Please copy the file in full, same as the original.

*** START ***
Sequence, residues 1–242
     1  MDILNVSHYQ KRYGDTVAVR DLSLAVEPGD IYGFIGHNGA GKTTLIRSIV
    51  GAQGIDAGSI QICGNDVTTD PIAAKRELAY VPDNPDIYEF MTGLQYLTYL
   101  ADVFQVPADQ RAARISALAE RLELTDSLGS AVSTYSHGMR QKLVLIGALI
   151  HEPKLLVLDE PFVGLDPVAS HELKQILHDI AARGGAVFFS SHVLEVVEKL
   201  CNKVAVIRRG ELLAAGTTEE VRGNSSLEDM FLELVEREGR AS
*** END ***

Sequence, residues 1–242
     1  MDILNVSHYQ KRYGDTVAVR DLSLAVEPGD IYGFIGHNGA GKTTLIRSIV
    51  GAQGIDAGSI QICGNDVTTD PIAAKRELAY VPDNPDIYEF MTGLQYLTYL
   101  ADVFQVPADQ RAARISALAE RLELTDSLGS AVSTYSHGMR QKLVLIGALI
   151  HEPKLLVLDE PFVGLDPVAS HELKQILHDI AARGGAVFFS SHVLEVVEKL
   201  CNKVAVIRRG ELLAAGTTEE VRGNSSLEDM FLELVEREGR AS